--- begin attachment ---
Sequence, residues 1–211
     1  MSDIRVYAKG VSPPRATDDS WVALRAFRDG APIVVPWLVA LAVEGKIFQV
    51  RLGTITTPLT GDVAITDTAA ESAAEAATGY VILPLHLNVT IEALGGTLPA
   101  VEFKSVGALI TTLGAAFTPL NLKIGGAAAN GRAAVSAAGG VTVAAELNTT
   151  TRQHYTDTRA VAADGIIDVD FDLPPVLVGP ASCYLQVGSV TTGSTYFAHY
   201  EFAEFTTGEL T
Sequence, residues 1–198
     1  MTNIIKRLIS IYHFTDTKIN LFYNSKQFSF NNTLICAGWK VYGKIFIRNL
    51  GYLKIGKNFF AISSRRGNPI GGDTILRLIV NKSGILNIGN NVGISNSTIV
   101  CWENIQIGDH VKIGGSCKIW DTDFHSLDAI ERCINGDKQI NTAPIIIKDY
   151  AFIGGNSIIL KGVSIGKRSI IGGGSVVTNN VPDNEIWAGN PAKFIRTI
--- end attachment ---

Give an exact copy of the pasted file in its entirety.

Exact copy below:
Sequence, residues 1–211
     1  MSDIRVYAKG VSPPRATDDS WVALRAFRDG APIVVPWLVA LAVEGKIFQV
    51  RLGTITTPLT GDVAITDTAA ESAAEAATGY VILPLHLNVT IEALGGTLPA
   101  VEFKSVGALI TTLGAAFTPL NLKIGGAAAN GRAAVSAAGG VTVAAELNTT
   151  TRQHYTDTRA VAADGIIDVD FDLPPVLVGP ASCYLQVGSV TTGSTYFAHY
   201  EFAEFTTGEL T
Sequence, residues 1–198
     1  MTNIIKRLIS IYHFTDTKIN LFYNSKQFSF NNTLICAGWK VYGKIFIRNL
    51  GYLKIGKNFF AISSRRGNPI GGDTILRLIV NKSGILNIGN NVGISNSTIV
   101  CWENIQIGDH VKIGGSCKIW DTDFHSLDAI ERCINGDKQI NTAPIIIKDY
   151  AFIGGNSIIL KGVSIGKRSI IGGGSVVTNN VPDNEIWAGN PAKFIRTI